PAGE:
Sometimes good ideas are merely a continuation of old ideas. What seems like a unique concept may actually be an echo of history, seized upon once again – perhaps at just the right moment.

While reading Looking for Old Victoria County, edited by Rae Fleming and published just last year, I came upon a chapter called The People of the 1861 Great Fire in Lindsay, by Lois Magahay. Under a section about local journalism, it was there that I found an astonishing fact:

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Woman finds 21 trunks containing historical treasures

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Woman finds 21 trunks containing historical treasures

She inherited 21 huge trunks that had been kept in a basement for 57 years.

In a series of three exhibits at the Olde Gaol Museum in Lindsay, local artist Ann Louise Smith tells the incredible story of her grandparents through her artwork and a collection of family artifacts.

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Students of today, citizens of tomorrow: Graduation rites of passage

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It’s an annual ritual that occurs in the last week or so of June. Families and friends crowd into a hot auditorium and take their seats in front of a stage gaily decorated in floral blooms, the national and provincial flags, and the time-honoured school colours of red, blue, and old gold.

While the assembled multitude fan themselves with programs distributed at the auditorium door by student ushers, a long procession is forming in the hallway just beyond “the four corners.” Grade 12 students have donned dark blue robes and are being carefully marshalled into formation.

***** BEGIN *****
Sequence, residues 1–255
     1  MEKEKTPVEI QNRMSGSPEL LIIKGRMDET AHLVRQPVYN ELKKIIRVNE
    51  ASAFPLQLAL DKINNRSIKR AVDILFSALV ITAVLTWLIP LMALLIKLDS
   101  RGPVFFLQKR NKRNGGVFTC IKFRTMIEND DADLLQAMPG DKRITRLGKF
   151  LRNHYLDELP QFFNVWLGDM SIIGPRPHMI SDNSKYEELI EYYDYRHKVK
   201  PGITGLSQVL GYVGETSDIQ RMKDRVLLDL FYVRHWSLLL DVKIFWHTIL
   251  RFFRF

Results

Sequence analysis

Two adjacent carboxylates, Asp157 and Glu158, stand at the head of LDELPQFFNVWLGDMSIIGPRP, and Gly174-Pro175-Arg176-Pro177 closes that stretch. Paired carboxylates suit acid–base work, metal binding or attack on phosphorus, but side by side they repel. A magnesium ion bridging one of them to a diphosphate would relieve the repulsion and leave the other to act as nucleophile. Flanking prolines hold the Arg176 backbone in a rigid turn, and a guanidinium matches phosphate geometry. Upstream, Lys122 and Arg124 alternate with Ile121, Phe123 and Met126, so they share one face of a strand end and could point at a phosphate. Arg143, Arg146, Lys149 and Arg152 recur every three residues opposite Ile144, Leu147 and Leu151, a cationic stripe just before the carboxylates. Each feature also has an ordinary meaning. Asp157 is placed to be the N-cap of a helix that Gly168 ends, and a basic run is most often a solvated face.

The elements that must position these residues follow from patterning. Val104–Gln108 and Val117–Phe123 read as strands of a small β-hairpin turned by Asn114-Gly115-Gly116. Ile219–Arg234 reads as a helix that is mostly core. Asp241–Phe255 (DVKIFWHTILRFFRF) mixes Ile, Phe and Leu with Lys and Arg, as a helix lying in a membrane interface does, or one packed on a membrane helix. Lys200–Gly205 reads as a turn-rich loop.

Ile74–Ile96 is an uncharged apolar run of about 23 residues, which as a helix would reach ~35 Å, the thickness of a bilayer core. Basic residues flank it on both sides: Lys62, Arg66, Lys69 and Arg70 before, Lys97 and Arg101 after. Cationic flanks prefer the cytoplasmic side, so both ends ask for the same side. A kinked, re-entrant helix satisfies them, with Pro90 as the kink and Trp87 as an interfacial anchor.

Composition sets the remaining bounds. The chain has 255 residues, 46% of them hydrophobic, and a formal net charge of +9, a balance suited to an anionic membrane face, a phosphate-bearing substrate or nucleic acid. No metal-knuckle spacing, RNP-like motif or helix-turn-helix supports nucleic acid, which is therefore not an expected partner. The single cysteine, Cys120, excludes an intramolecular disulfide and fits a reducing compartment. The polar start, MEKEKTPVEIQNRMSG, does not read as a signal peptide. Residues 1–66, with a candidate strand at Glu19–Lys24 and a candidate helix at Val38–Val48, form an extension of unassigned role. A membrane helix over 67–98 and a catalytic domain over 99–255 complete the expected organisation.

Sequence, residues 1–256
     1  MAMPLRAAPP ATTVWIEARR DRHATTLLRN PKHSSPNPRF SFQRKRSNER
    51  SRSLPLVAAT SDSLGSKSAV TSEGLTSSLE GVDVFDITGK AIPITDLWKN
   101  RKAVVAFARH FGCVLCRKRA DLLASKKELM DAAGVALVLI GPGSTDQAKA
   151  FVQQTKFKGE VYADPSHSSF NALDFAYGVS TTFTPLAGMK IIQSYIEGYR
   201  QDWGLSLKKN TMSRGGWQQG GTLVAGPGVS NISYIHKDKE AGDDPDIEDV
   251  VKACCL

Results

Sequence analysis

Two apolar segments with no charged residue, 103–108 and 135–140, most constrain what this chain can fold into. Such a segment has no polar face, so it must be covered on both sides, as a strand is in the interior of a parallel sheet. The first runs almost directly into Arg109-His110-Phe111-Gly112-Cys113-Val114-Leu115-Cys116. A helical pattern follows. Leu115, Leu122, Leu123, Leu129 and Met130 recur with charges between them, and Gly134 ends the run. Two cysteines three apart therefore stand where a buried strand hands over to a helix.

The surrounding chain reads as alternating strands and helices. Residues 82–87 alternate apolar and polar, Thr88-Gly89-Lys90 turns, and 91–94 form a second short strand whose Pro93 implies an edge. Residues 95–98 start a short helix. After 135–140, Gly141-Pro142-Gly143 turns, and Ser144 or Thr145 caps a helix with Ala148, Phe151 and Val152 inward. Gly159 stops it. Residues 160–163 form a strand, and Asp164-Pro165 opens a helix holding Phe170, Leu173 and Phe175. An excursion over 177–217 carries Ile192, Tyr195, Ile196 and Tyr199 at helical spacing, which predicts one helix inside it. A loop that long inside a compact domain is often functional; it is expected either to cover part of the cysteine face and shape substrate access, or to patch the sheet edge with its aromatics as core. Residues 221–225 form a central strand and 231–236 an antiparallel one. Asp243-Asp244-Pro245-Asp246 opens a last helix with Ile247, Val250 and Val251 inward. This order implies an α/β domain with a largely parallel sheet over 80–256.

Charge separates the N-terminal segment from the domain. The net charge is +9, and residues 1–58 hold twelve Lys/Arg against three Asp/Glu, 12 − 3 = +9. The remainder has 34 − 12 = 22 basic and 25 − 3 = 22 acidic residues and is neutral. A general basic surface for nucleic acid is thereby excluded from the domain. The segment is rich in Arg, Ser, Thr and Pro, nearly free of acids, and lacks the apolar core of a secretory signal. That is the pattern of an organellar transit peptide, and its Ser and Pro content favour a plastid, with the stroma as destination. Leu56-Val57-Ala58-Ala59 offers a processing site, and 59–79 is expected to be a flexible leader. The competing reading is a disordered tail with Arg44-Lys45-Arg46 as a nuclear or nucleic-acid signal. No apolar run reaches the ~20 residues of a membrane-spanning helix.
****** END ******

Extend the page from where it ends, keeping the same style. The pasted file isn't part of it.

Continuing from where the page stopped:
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The Crown In Kawartha Lakes: Lindsay’s Regal and Vice-Regal Heritage

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Albert Matthews, the longest-serving lieutenant governor of Ontario was born and raised right here in Lindsay.

The forthcoming marriage of Prince Harry and Meghan Markle has captured the interest and imagination of Canadians and other peoples in the realms over which His Royal Highness’ grandmother reigns as Queen. Once again, the magic, mystique, and mystery of monarchy is hitting the newsstands ‒ to the bemusement of some, and to the delight of many.

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‘A whole chapter is nearly over:’ How Lindsay lost its train service 

in Just in Time/Opinion by
'A whole chapter is nearly over:' How Lindsay lost its train service 

Newly-fallen autumn leaves blow across the vacant yards as the call of cicadas echo from east to west. A gentleman climbs up on top of a barren platform, his young son in tow. They gaze across the concrete, once humming with activity but now quiet. Weeds poke through ignominious cracks in the surface. Keep Reading

Could Old Mill area be Kawartha Lakes’ third heritage district?

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Could Old Mill area be Kawartha Lakes’ third heritage district?
John Ireland (L) and John Humphries (R) in front of Mr. Humphries' Glenelg St. home, a designated historical property. Humphries is a big supporter of Ireland's petition. (Photo: Alexus Conners.)

John Ireland loves history and he came to realize that he was surrounded by it, where he lives on Mill Street in Lindsay.

The area was the original centre of town, predating Kent Street.

The neighbourhood was home to one of Lindsay’s first banks (The Bank of Upper Canada) and of course St. Mary’s Catholic Church and its rectory, to name just a few.